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Awash in oil wealth, Albertans snapping up B.C. properties

Derrick Penner, National Post,  May 17, 2006

Oil-rich Albertans love British Columbia’s waterfront cabins, ski chalets and resort condominiums.

Albertans were the biggest out-of-province buyers of B.C. real estate in 2005, snapping up 2.4% of all properties sold and helping push up property values in prime locations.

Data compiled by the research firm Landcor Data Corporation show that Albertans bought 4,320 properties, including 1.329 single-family homes, 

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Albertans drive up real estate prices

Derrick Penner, Vancouver Sun,  May 17, 2006

Albertans love British Columbia’s waterfront cabins, ski chalets and resort condominiums.

And with oil wealth filling their coffers, our neighbours went on a real estate shopping spree in 2005, snapping up 4,320 B.C. properties worth almost $1.2 billion, making them the biggest out-of-province influence on many markets.

The real estate research firm Landcor compiled the data on who is buying in B.C.,

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Already pricey homes leap in assessed value

Derrick Penner, Vancouver Sun,  January 5, 2006

When you can afford to buy a house along the waterfront in West Vancouver, or in the tonier parts of Vancouver’s Shaughnessy, or Whistler, you are rich.

Some of the people who already live in these areas are a little richer now, on paper at least, as the assessed value of their homes climbed by between 6.84 per cent and as much as 32.27 per cent during 2005.

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Whister bucks B.C. trend of rising house, condo values

Chad Skeleton, Vancouver Sun,  January 4, 2006

Whistler homeowners saw the average value of their homes drop last year — making it one of the few places in the province to see property values decline in 2005, according to figures released by BC Assessment Tuesday.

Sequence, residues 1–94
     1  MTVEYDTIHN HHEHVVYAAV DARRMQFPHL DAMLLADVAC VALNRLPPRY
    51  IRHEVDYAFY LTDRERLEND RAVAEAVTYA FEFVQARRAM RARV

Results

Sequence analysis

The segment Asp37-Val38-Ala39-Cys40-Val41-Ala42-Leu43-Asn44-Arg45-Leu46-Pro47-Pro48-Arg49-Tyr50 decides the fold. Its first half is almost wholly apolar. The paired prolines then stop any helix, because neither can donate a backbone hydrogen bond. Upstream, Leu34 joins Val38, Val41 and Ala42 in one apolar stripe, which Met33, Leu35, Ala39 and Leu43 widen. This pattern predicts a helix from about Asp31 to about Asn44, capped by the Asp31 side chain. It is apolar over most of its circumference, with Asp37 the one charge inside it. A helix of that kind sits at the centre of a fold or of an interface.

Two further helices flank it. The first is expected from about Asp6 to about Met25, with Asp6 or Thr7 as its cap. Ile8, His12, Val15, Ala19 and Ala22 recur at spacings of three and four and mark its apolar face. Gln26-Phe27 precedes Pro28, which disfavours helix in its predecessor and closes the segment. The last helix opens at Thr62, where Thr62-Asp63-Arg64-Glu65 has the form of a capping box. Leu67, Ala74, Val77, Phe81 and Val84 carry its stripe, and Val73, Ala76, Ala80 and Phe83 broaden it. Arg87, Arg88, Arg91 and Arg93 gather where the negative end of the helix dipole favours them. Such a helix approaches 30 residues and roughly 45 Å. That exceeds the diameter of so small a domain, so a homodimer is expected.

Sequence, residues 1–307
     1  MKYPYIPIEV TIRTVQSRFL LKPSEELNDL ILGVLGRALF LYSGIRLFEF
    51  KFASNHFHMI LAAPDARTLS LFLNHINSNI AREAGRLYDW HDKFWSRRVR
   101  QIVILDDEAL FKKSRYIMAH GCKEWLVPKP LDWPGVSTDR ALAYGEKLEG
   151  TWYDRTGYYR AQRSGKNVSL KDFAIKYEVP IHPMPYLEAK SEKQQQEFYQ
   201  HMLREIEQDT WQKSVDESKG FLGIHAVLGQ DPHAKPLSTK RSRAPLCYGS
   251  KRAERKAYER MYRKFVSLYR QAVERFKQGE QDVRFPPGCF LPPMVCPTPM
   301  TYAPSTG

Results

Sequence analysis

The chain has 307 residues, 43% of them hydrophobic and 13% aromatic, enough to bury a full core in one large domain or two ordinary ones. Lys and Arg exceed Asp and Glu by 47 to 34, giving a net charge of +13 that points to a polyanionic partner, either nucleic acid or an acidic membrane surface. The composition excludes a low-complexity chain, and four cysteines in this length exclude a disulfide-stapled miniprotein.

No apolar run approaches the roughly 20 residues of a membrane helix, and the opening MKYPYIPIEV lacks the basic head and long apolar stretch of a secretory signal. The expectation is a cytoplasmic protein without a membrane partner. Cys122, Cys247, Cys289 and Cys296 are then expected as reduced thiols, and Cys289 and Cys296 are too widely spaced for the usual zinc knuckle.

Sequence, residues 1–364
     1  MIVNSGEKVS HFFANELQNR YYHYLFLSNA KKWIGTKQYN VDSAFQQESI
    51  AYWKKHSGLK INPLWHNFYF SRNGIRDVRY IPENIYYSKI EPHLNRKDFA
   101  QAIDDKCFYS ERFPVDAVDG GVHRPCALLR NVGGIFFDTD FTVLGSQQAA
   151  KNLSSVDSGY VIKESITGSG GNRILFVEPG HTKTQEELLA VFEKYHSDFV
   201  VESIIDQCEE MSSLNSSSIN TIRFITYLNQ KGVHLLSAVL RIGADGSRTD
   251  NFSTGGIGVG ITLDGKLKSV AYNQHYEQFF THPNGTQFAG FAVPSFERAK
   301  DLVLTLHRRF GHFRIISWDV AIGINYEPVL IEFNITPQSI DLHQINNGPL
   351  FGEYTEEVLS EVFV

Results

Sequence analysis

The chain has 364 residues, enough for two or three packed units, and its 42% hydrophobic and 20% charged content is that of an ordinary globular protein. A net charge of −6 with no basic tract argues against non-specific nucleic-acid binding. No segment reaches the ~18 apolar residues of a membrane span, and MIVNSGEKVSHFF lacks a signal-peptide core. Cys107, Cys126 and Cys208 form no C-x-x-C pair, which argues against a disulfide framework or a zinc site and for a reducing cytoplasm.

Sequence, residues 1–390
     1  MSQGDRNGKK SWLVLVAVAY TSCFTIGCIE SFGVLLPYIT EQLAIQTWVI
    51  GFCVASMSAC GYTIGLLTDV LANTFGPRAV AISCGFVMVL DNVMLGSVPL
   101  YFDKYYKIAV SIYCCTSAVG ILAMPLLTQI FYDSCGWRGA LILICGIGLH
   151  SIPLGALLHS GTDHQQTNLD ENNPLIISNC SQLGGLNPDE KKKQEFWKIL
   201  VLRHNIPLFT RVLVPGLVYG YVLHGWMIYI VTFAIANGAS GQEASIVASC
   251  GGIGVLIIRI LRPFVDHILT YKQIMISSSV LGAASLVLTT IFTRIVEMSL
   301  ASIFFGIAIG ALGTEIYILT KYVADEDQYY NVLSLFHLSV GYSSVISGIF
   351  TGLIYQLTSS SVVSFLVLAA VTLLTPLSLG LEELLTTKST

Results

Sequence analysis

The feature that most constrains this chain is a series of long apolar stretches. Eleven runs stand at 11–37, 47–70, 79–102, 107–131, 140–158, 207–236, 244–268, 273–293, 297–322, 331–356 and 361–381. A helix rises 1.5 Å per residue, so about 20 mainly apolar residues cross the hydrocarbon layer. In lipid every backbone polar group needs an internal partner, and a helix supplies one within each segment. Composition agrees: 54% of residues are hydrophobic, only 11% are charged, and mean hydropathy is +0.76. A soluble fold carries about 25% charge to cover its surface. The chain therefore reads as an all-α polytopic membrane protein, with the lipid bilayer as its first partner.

An analysis of assessment figures by Landcor Data Corp. indicates the average single-family home in B.C. increased in value by 18.8 per cent over the past year,

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Vander Zalm selling quiet retreat to top bidder

Derrick Penner, Vancouver Sun,  December 6. 2005

Former premier Bill Vander Zalm owns a lakefront acreage near 100 Mile House that boasts peace and quiet, water views, forest shade and riding trails. Thursday, he’ll hand it over to the highest bidder.

Vander Zalm, in an interview, said he took over the 34-hectare parcel on Tatton Lake, north of 100 Mile House, in the late 1970s as partial payment for a business deal,

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Here, There and Nowhere

Timothy Taylor, Enroute Magazine, October 2005

The curling rink in the abandoned mining town of Kitsault, uninhabited for almost a quarter-century now, offers a very particular variety of isolation, of aloneness. An hour north of Prince Rupert by air, up the tendril end of Alice Arm, there is manifestly nobody around. Here inside, the Maple Leaf Pub is dark. In through the lobby, pas the “Sunny Kitsault 2nd Annual Mixed Bonspiel” sign,

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Rediscovering the Thompson

Peter Mitham, Western Investor– September 2005

A quiet night on the Thompson River after several trips back and forth to Kamloops clinched Toronto developer Ted Snider’s decision to make the move to B.C.’s Interior.

“I would leave Kamloops and I’d be sitting on the flight back to Toronto and I noticed I was really relaxed,” said Snider, who was born and raised in Toronto and never thought he would consider living anywhere else.

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Ghost town eyed as upscale retreat

Paul Harris, Western Investor, July, 2005

A business plan is taking shape to transform a B.C. mining ghost town into a magnet for corporate retreats and ecotourism.
Kitsault in northwestern B.C. was recently purchased for a reported $7 million in cash by Indian-born entrepreneur Krish Suthanthiran. The deal includes approximately 90 houses and duplexes, seven apartment buildings, an equipped hospital, a large works yard, a local dock, a 22,000 square foot shopping centre and two recreation centres.

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Angels increasingly active in B.C. property market

Peter Mitham, Business in Vancouver, June 21-27, 2005

Some consider them the lenders of last resort, other the drivers of the current real estate boom.

But regardless of who you speak to, the angel investors are active in B.C.’s property market are a low-key lot who would rather keep quiet about their dealings.

Angel real estate investors, like the angel financiers to whom the startups of the information economy turned to in the late 1990s are typically experienced hands in the market with cash to invest in the next new project with promise.

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Paradise is Pricey All Over Province

CanWest News Services, Victoria Times Colonist, June 16, 2005

Vancouver Island residents looking for recreational property are quickly becoming aware of the cost of a piece of paradise. But it’s no different across the province, where costs are soaring as well.

“Today is the hottest recreational market it 40 years,” says Rudy Nielsen, the fit 64-year-old founder of Niho Land & Cattle Co, Ltd., a recreational firm specializing in B.C.

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